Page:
Transitioning to Fall/Winter Walking.

The Changing Seasons – how to adapt your exercise routine.


When the weather is warm and sunny ☀️ it makes the idea of getting outside to go for a walk and enjoy the fresh air sound pretty good!


However, as the weather starts to turn, the darkness falls on us a little quicker and the once cool refreshing breeze now sends shivers up your spine…. The idea of heading outdoors for that much needed walk no longer appeals to us in the same way.


So what do we do? We know we need to walk, but goodness…. Do I have to?


Here is what we know.

1) We know that consistency is key… and as much as hibernation sounds wonderful over the winter months…. It’s maybe not the best idea for our health.

2) We know that the outdoors – yes where that cold wind lives – is great for the soul. The simple act of being outside is often enough all on its own to lift our spirits, give us perspective on things we struggle with and reduce stress.


So here is what I recommend.

1) For most of the days to come, make a promise to yourself to keep that walk outside going. Maybe even make it a challenge? How many days over winter can you walk outside?

2) Look to dress for the weather. Wear light layers. You don’t want to be so stuffed under your jacket that your arms can barely swing along your sides… but look to layer up!

  • I like a polyester/blend based 1st It will help keep you warm without getting wet and cold from sweat.
  • Next – a warm insulating layer. Perhaps something fleece. Even a fleece vest would be good to keep that core nice and warm.
  • Finally – a outer wind blocking layer. – This would be your jacket.
  • I like a scarf around my neck and can also be pulled over your nose and mouth to help warm the air a little if you want.
  • A toque on my head to keep the heat in that also covers the ears if possible.
  • And light wind breaking mitts to keep my hands warm.
  • In terms of footwear…. Look for something supportive for walking with good grip when the temperature starts to drop and ice starts to form on the sidewalks. – Some purchase ice & snow grips that go over your shoes that provide extra traction. – Perhaps look to take walking poles as well as extra balance support.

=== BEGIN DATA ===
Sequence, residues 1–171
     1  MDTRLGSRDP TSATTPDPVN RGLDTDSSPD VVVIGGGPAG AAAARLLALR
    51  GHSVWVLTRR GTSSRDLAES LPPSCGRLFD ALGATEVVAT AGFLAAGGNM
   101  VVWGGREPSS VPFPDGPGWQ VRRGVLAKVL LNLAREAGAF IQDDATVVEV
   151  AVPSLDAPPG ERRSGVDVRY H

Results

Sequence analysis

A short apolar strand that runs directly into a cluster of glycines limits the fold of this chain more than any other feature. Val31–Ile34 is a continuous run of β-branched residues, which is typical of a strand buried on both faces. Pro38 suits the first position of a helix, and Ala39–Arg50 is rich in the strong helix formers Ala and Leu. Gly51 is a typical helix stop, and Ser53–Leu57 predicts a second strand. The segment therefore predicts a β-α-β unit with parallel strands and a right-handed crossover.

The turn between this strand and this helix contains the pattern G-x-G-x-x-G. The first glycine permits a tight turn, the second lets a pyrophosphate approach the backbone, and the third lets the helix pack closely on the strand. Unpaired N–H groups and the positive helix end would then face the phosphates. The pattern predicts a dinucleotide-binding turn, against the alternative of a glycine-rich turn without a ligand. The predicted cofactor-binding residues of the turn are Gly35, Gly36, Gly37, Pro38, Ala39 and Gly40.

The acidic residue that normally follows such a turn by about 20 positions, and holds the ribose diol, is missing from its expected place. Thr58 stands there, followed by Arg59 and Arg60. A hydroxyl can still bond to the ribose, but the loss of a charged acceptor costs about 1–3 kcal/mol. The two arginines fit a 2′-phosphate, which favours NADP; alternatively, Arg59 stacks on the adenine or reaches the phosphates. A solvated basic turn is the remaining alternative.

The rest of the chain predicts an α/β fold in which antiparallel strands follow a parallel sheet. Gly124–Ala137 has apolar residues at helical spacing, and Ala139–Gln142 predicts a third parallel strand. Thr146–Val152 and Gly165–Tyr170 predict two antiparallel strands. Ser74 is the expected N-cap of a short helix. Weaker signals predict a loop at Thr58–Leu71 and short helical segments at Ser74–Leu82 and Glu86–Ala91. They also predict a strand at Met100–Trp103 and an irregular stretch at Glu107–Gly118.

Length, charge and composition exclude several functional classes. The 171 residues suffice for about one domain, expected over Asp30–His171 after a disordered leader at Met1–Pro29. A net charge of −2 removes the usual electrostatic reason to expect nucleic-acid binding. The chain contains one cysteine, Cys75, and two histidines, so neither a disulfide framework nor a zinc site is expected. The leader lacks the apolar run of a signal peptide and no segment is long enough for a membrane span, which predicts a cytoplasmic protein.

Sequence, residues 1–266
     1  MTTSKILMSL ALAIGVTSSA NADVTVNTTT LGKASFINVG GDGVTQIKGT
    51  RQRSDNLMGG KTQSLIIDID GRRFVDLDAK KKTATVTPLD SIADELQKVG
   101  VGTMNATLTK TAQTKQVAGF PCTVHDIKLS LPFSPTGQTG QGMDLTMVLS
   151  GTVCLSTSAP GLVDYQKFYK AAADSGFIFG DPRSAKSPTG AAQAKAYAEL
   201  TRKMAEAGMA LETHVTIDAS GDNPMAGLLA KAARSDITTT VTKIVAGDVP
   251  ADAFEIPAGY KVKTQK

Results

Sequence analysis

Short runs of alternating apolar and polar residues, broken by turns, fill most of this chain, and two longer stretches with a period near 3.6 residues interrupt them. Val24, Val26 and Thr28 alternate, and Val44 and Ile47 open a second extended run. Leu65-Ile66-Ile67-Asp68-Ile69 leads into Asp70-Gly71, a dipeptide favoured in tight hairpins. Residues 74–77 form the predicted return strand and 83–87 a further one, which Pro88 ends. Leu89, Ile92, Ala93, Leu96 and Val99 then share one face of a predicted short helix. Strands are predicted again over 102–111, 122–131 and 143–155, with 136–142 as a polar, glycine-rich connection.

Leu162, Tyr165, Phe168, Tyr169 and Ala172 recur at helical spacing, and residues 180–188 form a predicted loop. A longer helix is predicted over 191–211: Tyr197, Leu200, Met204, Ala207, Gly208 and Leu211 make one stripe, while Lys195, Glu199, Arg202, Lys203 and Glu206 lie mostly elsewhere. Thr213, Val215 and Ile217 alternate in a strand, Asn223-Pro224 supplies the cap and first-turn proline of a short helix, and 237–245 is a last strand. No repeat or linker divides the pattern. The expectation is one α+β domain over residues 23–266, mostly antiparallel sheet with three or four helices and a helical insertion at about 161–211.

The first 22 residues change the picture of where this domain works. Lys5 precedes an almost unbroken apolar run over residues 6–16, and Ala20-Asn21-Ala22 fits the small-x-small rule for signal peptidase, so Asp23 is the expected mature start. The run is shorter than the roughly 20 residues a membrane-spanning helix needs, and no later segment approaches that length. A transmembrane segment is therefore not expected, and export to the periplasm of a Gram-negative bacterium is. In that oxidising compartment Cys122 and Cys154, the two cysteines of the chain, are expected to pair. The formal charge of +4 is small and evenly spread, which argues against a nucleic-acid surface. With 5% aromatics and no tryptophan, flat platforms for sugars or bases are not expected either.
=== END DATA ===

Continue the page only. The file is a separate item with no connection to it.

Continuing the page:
As the snow starts to pile up, look at it as an opportunity  – yes really!! hahaa!! Get out there and do some cross country or downhill skiing, skating and snow shoeing! – There really is nothing like snow shoeing in the bush. The silence the snow brings, and the sight of the snow draping over the trees… it is absolutely magical.


Now, of course we need to balance risk vs reward. If the snow and ice are too treacherous and you are afraid of falling, or the weather is just downright nasty, then look to exercise indoors instead.


Pull up one of our cardio videos that you can follow along with, look to climb up down your stairs for exercise, or of course if you have access to a stationary bike, rowing machine or treadmill at home – you are all set!


Lastly, I want to remind you about STRENGTH TRAINING! As much as we talk about how to keep the aerobic work going during the winter months…. This is such a great opportunity to really focus on your strength work. This includes balance exercises and movements to keep your joints happy and healthy.


Consistency is key. Keeping as much of your routine going over the colder months as possible will allow you to keep progressing forward, it just may mean some adaptations as you go.


Focus on being consistent. Tell yourself, JUST GO!! Just get dressed and go. Before you know it, you will be saying to yourself… I’m happy I went.


Have a great day!!


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Shawna Cook

Shawna is a Certified Clinical Exercise Physiologist through the American College of Sports Medicine, who has been working in Cardiac Rehabilitation for over 10 years. Her years in the health and fitness field however have spanned over the past 2+ decades. As an elite level athlete she fell in love with understanding the human body, and how the choices she made, affected how it performed. This led to a degree from the University of Winnipeg in the stream of Athletic Therapy, and the passion towards helping others recover from injury and "be their best selves" grew.